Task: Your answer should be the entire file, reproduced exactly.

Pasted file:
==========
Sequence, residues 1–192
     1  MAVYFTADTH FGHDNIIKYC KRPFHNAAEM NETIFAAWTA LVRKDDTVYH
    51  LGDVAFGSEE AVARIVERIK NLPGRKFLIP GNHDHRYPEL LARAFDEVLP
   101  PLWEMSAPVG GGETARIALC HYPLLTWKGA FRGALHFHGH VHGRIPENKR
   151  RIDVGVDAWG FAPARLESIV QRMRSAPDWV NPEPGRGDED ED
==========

Sequence, residues 1–192
     1  MAVYFTADTH FGHDNIIKYC KRPFHNAAEM NETIFAAWTA LVRKDDTVYH
    51  LGDVAFGSEE AVARIVERIK NLPGRKFLIP GNHDHRYPEL LARAFDEVLP
   101  PLWEMSAPVG GGETARIALC HYPLLTWKGA FRGALHFHGH VHGRIPENKR
   151  RIDVGVDAWG FAPARLESIV QRMRSAPDWV NPEPGRGDED ED